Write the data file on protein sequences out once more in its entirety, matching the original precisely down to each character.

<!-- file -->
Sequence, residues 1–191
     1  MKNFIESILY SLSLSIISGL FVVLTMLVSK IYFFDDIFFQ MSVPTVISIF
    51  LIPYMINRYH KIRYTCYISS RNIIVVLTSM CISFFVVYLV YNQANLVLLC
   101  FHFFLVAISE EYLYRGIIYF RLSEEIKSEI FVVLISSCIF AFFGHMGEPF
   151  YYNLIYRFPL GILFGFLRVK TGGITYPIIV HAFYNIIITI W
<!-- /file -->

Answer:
Sequence, residues 1–191
     1  MKNFIESILY SLSLSIISGL FVVLTMLVSK IYFFDDIFFQ MSVPTVISIF
    51  LIPYMINRYH KIRYTCYISS RNIIVVLTSM CISFFVVYLV YNQANLVLLC
   101  FHFFLVAISE EYLYRGIIYF RLSEEIKSEI FVVLISSCIF AFFGHMGEPF
   151  YYNLIYRFPL GILFGFLRVK TGGITYPIIV HAFYNIIITI W